The good news is that British authorities thwarted a plot to blow up in midair around 10 airliners en route to the United States from Britain. The bad news is that the incident shows that the threat of an indiscriminate terrorist attack remains, reminding us that no nation or community can let up on its vigilance.

The foiled plot, which led to the arrest of 24 Britons, occurred more than a year after subway and bus bombings killed 56 people in London on July 7, 2005, and nearly five years after the 9/11 attacks in the U.S. In March 2004, train bombings in Spain killed some 200 people. An attack on trains last month in India also killed about 200 people.

Twenty-two of the 24 arrested are British citizens of Pakistani origin, many of them apparently muslims. As with last year’s London bombings, the latest case points to links between Pakistan, a haven for militant Islamists, and immigrant communities in Britain. Three of the four terrorists who blew themselves up in the London attacks were Muslims. A report by the British government and Parliament says the four were inspired by the al-Qaida terrorist organization and that two of them likely had contact with elements close to al-Qaida in Pakistan.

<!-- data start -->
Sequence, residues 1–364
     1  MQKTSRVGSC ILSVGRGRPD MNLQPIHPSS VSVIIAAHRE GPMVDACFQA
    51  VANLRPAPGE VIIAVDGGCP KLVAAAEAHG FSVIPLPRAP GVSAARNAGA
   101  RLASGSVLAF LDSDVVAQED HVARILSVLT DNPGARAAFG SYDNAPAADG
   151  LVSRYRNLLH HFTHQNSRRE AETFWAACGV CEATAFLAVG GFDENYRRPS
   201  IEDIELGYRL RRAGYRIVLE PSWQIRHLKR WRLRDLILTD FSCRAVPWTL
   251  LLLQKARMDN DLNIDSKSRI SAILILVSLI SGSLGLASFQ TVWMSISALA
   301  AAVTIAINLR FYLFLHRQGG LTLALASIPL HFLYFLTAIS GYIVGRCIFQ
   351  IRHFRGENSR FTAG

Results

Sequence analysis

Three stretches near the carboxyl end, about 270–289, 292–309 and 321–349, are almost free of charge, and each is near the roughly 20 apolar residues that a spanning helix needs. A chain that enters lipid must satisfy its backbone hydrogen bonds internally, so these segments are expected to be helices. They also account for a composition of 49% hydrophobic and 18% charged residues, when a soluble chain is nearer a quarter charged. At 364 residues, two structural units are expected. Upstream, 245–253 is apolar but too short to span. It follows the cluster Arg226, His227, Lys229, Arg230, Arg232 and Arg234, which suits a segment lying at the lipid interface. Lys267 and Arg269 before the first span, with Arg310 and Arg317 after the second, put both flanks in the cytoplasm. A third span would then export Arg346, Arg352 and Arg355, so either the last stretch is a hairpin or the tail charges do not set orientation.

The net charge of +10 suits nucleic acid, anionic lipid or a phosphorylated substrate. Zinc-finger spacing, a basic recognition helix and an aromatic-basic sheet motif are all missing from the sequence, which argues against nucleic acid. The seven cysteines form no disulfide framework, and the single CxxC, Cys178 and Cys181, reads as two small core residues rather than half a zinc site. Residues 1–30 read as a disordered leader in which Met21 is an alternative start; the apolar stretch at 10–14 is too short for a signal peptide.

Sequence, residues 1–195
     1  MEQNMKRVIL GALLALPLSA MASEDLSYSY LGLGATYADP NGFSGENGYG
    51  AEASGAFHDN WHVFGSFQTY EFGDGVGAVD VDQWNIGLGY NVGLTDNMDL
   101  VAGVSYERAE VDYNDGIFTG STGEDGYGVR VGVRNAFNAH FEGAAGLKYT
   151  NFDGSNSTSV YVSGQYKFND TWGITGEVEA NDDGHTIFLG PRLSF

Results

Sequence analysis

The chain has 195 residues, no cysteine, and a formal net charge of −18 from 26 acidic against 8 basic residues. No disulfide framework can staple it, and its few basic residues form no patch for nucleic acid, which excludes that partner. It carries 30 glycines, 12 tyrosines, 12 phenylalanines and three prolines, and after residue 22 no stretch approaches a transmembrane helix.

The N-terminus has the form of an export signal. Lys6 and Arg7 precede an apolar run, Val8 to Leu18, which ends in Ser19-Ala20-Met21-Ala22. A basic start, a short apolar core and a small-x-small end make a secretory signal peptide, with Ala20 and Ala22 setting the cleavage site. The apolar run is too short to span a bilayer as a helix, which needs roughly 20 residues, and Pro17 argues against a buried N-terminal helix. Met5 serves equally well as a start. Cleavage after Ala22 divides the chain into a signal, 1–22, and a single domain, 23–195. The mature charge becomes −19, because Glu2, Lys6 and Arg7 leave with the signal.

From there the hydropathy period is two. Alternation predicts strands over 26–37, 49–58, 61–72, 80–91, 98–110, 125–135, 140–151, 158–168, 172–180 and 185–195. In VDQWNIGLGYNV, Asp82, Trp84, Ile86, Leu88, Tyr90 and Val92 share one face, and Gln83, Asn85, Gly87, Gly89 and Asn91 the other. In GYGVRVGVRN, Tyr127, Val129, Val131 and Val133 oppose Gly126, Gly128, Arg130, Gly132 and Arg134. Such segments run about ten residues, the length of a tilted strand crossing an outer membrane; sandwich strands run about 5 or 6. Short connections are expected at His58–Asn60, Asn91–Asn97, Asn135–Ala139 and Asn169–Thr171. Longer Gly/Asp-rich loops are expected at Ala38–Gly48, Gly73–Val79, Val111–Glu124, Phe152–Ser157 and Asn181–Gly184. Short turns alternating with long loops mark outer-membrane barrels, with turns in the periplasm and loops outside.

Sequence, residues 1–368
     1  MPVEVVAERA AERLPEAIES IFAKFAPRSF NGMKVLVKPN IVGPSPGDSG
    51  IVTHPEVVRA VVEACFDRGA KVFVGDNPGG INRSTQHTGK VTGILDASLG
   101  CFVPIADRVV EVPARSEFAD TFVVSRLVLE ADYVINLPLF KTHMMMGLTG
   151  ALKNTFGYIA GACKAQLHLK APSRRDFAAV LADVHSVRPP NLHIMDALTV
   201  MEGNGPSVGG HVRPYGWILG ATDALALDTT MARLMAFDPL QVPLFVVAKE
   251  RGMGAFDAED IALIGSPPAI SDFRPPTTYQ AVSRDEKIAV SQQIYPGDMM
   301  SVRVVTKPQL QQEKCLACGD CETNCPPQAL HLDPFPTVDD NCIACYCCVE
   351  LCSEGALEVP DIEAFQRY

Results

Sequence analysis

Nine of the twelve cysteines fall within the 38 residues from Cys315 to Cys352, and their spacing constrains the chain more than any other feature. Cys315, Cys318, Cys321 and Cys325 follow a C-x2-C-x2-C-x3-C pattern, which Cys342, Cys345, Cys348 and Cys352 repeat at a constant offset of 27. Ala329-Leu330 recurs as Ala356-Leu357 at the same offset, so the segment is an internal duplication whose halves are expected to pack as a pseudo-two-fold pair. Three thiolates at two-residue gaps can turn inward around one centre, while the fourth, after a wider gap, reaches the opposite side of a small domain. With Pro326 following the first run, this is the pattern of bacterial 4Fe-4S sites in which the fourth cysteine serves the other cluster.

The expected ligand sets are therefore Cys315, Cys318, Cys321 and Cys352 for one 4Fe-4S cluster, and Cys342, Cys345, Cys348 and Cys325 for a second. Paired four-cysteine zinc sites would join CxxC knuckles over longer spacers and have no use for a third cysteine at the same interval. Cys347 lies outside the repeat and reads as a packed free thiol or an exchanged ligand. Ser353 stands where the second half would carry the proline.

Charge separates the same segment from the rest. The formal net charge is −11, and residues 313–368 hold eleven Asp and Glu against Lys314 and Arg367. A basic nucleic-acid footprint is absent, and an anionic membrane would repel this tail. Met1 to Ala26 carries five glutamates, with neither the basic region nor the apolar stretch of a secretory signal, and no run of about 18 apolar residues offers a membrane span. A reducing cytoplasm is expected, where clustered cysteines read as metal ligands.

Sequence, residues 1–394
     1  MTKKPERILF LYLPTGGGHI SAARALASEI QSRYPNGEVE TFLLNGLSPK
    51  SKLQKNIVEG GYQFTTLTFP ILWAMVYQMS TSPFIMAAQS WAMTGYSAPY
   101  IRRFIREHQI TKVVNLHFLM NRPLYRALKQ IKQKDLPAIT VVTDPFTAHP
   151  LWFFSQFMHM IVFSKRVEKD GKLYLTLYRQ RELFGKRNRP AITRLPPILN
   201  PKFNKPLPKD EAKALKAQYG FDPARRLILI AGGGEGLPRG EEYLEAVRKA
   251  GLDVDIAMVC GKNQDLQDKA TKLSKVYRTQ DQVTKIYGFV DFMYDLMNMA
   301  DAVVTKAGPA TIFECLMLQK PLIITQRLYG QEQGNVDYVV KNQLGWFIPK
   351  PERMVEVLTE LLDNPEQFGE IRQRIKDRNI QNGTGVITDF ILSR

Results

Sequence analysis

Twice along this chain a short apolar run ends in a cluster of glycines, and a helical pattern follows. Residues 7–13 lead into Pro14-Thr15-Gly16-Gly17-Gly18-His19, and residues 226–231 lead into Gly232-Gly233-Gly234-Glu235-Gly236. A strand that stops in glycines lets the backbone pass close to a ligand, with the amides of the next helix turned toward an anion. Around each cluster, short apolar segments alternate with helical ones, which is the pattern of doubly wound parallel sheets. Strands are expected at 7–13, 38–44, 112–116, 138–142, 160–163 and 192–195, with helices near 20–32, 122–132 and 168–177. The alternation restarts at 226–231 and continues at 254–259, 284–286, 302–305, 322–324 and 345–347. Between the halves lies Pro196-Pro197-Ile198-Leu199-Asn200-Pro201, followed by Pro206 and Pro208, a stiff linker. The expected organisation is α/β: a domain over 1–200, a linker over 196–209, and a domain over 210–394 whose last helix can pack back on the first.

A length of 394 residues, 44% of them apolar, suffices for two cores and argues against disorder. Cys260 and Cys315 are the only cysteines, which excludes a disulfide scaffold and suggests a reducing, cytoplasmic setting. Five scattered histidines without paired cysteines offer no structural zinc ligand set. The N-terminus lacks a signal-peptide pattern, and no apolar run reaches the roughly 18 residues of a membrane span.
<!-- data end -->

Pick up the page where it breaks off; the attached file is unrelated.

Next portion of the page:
A secret yearlong investigation is reported to have led to the arrest of the attack plotters this time. Investigations point to the involvement of al-Qaida. The planned attack method and the amount of intended damage also suggest connections with al-Qaida. If the plot had succeeded, thousands of people would have died as a result of explosions of liquid-chemical components brought into airliner cabins.

Because liquids used for such explosives would be undetectable in most circumstances, passengers were banned from taking nonessential carry-on items aboard aircraft following the discovery of the plot in Britain. It is not clear whether this will be an inconvenience that air passengers must endure indefinitely or just for the time being. Close cooperation among nations, especially the exchange of information on the movement of terrorist suspects, will be crucial.

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